At times it can feel like the narrative of a new coach is often the same. In the first season, the coach gets acclimated to the university, learns the inner workings of his roster and introduces his style of play to players who have to learn something for the first time regardless of experience.
For the second season, the continuity helps a coach begin the process of putting together “his team,” something Holy Cross coach David Berard begins as his sophomore season gets underway.
“I’m excited to start my second year,” he said. “What a difference a year makes. The feel for our team, the feel the team has for our coaches. [Knowing more about] the inner workings of the school. Having my own class to recruit.
Continuing the trend of continuity, Holy Cross has the added benefit of returning more than 20 skaters for 2015-16. Although the Crusaders lose one of Atlantic Hockey’s all-time greatest goalies in Matt Ginn, they bring back virtually every piece on offense and the majority of pieces on defense.
“Last year at that opening meeting, it was like talking to 28 rookies,” said Berard. “No one knew me. No one knew how we would play. Every day was something different. Now there’s 21 guys back and it makes it a completely different situation. You don’t have to cover the same ground. Now we can expand on it and grow it.”
There is still the looming issue of replacing Ginn, who departed holding roughly 10 school records. The all-time leader in career saves, save percentage, saves in a single season (which he set twice) and career games, he was one of the greatest goalies to ever lace up skates in Atlantic Hockey.
“You can’t replace Matt Ginn,” said Berard. “It’s impossible when you look at his cumulative work and experience. He was our all-time best goalie. We’re not going to put that pressure on the goalies we have now. That’s not fair to them. Paul Berrafato was able to play [eight] games last year when Ginn was hurt. Coming in, it’s a different scenario than last year. Now he’s competing for a starting spot.”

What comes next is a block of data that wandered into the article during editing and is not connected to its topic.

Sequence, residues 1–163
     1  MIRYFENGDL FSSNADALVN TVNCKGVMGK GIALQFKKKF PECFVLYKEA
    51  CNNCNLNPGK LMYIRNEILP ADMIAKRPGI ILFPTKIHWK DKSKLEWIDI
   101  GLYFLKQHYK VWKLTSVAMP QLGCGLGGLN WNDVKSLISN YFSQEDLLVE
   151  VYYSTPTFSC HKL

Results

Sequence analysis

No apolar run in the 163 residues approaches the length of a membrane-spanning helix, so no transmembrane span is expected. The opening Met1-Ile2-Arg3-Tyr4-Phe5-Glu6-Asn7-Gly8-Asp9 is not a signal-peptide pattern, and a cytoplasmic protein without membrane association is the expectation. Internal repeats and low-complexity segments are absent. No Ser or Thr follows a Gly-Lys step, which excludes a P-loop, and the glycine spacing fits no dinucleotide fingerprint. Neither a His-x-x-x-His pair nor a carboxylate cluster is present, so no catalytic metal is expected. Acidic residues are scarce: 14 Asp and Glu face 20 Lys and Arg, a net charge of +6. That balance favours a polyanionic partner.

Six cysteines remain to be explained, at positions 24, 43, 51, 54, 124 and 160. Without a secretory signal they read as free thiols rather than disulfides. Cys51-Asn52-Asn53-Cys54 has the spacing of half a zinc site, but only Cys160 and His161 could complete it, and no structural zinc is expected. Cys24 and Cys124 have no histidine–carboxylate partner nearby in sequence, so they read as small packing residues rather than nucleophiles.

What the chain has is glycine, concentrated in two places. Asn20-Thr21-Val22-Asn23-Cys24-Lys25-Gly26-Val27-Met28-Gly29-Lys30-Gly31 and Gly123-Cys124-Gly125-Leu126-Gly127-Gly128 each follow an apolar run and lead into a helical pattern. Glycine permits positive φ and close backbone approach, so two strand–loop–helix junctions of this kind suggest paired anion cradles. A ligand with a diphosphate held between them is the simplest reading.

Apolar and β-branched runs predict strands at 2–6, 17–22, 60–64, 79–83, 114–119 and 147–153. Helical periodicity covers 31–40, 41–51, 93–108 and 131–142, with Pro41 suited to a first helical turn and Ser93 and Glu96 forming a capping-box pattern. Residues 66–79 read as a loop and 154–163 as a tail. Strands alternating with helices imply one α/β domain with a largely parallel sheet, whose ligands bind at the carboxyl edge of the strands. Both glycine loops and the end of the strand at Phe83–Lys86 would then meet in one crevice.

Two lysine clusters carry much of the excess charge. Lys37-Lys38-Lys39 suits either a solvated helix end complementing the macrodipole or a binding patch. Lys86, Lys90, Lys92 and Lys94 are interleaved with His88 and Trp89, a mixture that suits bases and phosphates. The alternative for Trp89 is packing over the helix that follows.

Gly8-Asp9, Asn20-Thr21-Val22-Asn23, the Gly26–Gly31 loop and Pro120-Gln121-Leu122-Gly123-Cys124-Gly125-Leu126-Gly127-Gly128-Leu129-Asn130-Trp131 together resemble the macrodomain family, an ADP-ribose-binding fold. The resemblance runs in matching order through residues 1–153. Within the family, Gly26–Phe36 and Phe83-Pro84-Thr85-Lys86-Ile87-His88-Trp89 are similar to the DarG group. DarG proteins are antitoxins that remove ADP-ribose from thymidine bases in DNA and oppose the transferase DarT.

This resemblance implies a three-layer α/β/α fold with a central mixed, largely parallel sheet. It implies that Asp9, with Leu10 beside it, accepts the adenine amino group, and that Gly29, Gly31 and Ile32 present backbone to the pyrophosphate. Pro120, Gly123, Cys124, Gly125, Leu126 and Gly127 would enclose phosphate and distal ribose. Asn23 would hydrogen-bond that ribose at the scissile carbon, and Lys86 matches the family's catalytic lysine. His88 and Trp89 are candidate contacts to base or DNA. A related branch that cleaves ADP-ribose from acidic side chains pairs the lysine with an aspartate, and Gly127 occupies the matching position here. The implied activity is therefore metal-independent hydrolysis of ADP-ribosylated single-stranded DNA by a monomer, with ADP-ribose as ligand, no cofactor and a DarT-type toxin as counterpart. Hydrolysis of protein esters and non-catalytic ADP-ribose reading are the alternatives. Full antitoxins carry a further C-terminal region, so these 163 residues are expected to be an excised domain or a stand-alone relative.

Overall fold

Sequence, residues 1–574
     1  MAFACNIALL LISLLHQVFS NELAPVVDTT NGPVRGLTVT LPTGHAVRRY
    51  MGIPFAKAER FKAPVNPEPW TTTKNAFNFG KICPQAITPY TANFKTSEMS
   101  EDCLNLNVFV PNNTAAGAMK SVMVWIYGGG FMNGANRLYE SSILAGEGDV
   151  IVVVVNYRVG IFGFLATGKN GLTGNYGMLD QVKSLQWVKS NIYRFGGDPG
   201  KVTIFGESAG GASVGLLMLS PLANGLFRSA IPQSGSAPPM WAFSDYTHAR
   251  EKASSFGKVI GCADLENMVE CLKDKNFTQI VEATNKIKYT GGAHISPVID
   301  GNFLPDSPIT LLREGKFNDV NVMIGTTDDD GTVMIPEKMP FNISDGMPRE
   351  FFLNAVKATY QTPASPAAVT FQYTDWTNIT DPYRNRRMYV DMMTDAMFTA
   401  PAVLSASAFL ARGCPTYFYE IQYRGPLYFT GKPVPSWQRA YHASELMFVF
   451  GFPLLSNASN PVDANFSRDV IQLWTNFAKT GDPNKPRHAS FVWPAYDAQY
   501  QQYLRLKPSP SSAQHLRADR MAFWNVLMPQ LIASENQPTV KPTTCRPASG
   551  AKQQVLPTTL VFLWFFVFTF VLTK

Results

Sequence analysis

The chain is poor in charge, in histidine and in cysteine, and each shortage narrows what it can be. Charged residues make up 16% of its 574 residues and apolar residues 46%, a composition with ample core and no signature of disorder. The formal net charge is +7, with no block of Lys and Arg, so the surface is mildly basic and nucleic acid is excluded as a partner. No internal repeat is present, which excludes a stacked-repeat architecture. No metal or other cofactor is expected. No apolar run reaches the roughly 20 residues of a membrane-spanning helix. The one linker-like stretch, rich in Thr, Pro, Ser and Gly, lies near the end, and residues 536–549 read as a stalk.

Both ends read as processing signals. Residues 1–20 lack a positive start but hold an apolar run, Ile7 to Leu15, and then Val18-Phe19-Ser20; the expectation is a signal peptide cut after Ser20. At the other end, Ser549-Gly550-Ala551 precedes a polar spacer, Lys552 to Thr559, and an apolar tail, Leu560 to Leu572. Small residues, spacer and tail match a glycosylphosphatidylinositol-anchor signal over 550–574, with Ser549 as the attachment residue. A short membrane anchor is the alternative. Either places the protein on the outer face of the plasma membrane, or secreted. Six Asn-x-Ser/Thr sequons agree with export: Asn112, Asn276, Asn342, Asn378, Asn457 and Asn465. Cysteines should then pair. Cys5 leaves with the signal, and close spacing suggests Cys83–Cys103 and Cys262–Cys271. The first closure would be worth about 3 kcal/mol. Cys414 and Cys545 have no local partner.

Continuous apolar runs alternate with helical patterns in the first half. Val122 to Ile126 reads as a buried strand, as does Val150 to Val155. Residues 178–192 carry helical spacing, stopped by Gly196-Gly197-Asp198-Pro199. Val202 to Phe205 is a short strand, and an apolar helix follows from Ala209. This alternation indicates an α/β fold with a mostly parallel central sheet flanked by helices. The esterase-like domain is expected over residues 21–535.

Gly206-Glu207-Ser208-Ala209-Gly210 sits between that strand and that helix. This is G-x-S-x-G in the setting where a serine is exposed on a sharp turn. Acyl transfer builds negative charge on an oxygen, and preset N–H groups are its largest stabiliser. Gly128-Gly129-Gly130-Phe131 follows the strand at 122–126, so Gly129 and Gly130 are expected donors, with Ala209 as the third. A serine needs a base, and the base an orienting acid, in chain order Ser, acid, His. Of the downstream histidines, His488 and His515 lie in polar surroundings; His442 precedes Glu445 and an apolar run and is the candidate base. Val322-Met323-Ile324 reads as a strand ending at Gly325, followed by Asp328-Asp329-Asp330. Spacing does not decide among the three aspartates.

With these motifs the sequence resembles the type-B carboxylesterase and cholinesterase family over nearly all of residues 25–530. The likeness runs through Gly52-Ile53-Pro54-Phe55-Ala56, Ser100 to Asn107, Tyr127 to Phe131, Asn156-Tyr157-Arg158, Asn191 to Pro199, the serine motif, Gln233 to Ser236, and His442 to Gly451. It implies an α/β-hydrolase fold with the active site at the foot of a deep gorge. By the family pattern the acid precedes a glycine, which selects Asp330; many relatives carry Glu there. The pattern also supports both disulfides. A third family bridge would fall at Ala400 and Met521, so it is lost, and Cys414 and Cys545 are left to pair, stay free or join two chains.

In addition to the sophomore Berrafato, Holy Cross has a freshman, Tommy Nixon, on the roster this year.
“I’m comfortable putting any of them in a game,” said Berard. “We don’t know yet if it’s going to be three guys or one guy who steps up. [Defensively], we had really good numbers. We set a school record for lowest goals against. Players are even more comfortable with that system and we have six of eight [defensemen] back.”
Holy Cross once again is ambitious with its nonconference schedule after playing regional teams over the past few seasons. The Crusaders open the season with a home-and-home series against ECAC Hockey powerhouse Quinnipiac and will have road trips to Rhode Island to take on both Brown and the defending national champion Providence Friars. Later in the year, they’ll entertain Princeton and head to Dartmouth.
14-18-5, 12-11-5 (tied for sixth) in Atlantic Hockey. Lost to Niagara in the Atlantic Hockey first round.
Names to know
Three 20-point scorers are back, with junior Mike Barrett being joined by sophomores TJ Moore and Scott Pooley. Matt Vidal and Brett Lubanski are also back to give upperclass experience. On the blue line, Jake Bolton is arguably one of the best in the league, and the senior is joined by fellow fourth-year players Joe McNamara and Karl Beckman.
1. How much of last year’s success was based on Matt Ginn? As good as the defense played, people will always want to attribute a good portion of the success to one of the best goalies in AHC history. Therefore, it’s up to the team to reestablish itself.
2. Can Holy Cross generate better offense? Averaging only 2.27 goals per game ranked the Crusaders ninth in the league, 43rd in the nation. With a deep roster, averaging a little bit more on offense can swing the tide on a record of 5-11-5 in games decided by one goal or fewer.
3. Are the Crusaders simply a sleeping giant? Holy Cross finished under .500 overall but rebounded in league play to finish one game over the middle mark. It has finished under .500 in AHC play only once in the past five years.
Holy Cross seems to be one of those programs that can absorb a couple of down years and move through transition times without a problem. Although Matt Ginn is gone, last year was still transitioning from its highly successful era from the beginning of the decade. With David Berard starting to sculpt this team in his image, expect it to remain a strong team, one that will give plenty of opponents fits and starts.